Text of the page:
Krishan Kumar Katyal, who died in New Delhi on Wednesday at 88, was a distinguished political reporter who had a nose for news, persistence in following up on tips and a talent for cultivating sources in political parties as well as several wings of the government. In the world of journalism, he was universally known by his initials and took jokes on KKK, matching the infamous Ku Klux Klan in America, in his stride.
We were colleagues on the political reporting team of The Statesman in New Delhi at a dramatic time in Indian politics. The tempestuous political saga began with the Bangalore session of the undivided Congress, which led to the first split in the party engineered by Indira Gandhi. But it was an act of many scenes as Indira’s men, subsequently known as Congress (R) for requisitionists, and their opponents, Congress (O) for organisation, battled it out.
The objective of both sides was the media before the age of television news came into play. They were hankering after headlines in print, with each section scheduling their press meets late into the night to have the last word. Imagine the plight of political reporters working late into the night, night after night, to cope with this strange competition. In The Statesman, it was KKK and I who had to take turns so that we could catch up on some sleep before starting work the next morning.
- CPI(M) central committee to discuss issue of tie-up with Congress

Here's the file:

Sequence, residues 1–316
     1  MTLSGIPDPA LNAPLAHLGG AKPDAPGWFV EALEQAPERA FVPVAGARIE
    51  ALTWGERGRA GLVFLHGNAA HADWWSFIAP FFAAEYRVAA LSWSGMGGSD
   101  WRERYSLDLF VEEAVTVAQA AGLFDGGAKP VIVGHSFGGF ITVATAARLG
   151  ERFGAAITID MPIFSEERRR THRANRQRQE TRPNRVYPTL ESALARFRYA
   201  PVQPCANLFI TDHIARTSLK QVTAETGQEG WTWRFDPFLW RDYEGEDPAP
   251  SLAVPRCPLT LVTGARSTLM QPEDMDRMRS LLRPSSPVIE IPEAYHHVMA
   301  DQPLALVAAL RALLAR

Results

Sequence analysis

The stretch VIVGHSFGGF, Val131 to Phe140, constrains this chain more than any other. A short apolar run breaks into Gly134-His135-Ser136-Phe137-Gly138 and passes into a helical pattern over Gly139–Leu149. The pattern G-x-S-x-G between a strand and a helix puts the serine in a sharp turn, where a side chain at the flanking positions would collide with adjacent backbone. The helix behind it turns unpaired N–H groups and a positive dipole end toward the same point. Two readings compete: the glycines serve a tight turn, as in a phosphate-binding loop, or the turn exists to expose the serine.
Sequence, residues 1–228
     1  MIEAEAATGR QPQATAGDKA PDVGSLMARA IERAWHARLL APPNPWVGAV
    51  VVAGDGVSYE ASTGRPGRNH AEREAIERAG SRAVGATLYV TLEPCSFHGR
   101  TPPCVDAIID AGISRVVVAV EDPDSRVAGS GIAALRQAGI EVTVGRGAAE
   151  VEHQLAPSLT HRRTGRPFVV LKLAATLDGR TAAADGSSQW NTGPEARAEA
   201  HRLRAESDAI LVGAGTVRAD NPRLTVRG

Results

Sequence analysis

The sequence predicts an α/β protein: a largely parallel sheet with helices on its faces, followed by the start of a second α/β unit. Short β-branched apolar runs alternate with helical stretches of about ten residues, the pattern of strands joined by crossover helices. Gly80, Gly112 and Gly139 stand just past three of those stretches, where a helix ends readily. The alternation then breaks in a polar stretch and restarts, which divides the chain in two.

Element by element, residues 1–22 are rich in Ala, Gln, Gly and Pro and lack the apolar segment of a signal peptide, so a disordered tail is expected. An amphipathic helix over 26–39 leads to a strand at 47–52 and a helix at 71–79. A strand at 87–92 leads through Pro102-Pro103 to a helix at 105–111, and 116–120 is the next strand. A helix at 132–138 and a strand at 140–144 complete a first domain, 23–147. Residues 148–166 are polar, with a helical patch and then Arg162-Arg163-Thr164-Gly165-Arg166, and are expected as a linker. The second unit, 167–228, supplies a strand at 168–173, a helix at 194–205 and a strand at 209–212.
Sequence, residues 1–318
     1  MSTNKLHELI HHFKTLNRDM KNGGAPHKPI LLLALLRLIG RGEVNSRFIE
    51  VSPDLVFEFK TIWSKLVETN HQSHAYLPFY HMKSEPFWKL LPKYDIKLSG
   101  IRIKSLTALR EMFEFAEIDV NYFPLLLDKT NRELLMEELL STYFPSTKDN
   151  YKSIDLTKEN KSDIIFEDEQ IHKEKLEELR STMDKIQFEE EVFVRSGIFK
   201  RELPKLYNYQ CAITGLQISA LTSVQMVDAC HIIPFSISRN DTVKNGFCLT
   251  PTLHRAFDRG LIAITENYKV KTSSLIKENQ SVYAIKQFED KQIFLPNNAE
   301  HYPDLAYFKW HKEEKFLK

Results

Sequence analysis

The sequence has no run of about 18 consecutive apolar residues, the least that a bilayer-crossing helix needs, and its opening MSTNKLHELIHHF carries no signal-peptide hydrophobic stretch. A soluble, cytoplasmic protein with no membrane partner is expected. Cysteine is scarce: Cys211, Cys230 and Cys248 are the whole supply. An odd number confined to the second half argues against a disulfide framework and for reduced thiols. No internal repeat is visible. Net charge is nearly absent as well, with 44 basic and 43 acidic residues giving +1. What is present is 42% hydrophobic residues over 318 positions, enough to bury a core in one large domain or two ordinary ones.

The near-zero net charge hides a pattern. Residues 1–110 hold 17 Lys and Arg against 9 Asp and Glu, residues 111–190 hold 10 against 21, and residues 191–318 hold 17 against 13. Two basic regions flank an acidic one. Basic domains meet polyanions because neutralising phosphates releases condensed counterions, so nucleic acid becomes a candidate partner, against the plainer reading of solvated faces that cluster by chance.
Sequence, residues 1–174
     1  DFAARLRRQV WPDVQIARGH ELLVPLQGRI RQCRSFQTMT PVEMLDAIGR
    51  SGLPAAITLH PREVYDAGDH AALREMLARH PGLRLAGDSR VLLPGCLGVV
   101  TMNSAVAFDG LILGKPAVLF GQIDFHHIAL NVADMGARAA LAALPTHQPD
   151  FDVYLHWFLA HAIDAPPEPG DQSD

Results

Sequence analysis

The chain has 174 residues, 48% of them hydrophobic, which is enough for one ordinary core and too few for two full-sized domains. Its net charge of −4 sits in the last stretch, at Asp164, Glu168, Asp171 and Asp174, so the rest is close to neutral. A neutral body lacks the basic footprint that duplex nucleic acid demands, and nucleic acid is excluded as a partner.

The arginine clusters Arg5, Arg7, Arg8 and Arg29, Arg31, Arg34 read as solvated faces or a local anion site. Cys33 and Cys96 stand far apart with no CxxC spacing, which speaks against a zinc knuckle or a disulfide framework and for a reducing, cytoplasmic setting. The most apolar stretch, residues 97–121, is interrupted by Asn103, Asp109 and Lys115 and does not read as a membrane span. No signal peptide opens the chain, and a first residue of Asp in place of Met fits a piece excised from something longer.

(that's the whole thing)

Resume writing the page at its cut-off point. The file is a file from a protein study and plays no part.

- Mukul Roy likely to float new party, target West Bengal panchayat polls
- Gaurav Bidhuri, Vikas Krishan among Indian boxers in top-10 of AIBA rankings
- Political turmoil in Nepal affects its diplomatic postings
- After Virbhadra Singh, Himachal Pradesh Congress chief Sukhu and his supporters head for Delhi
- In Cabinet reshuffle today: Thakur, Dalit, Brahmin, Hindutva face
KKK was (later) with The Hindustan Times in Chandigarh, and I often had the feeling that he had left part of his heart behind. He was an impressive, tall man with a Punjabi fondness for good food. He later worked for The Hindu.
It is a somewhat different world in the media today, influenced in part by profusion of private TV channels, which often give a breathless quality to reporting. In the days of KKK’s prime, the accent was more on assiduous cultivation of sources, patient pursuit of leads and the greatest accolade a political reporter looked forward to was to be greeted by fellow journalists on a scoop in the Central Hall of Parliament and MPs’ glee or moroseness, depending upon which side of the fence they were on. Despite moments of drama and political upheavals, those were more leisurely times. There was bonhomie in the Press Club and in coffee houses, and perhaps a greater sense of belonging to a unique profession.
KKK’s cremation took place Wednesday afternoon. He leaves behind his wife Darshan and two talented daughters, Anita and Sugita, who have chosen to follow their father’s profession.